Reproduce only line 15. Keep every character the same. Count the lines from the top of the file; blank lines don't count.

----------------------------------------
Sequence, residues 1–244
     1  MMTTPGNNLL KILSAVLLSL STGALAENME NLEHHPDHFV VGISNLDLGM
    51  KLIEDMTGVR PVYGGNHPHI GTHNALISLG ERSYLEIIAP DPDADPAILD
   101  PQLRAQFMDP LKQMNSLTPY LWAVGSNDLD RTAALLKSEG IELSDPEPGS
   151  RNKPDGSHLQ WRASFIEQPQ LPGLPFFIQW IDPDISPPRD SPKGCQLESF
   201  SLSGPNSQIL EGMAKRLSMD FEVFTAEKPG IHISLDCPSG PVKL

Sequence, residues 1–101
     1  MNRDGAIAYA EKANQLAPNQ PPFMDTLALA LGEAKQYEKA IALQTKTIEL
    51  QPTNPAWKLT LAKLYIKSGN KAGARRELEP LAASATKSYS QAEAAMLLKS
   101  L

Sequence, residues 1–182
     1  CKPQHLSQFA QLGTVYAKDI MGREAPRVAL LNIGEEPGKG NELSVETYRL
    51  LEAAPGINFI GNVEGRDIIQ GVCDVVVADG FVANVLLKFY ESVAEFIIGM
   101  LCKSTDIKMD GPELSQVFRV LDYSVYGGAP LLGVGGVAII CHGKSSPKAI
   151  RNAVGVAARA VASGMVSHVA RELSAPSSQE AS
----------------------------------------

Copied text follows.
   151  RNAVGVAARA VASGMVSHVA RELSAPSSQE AS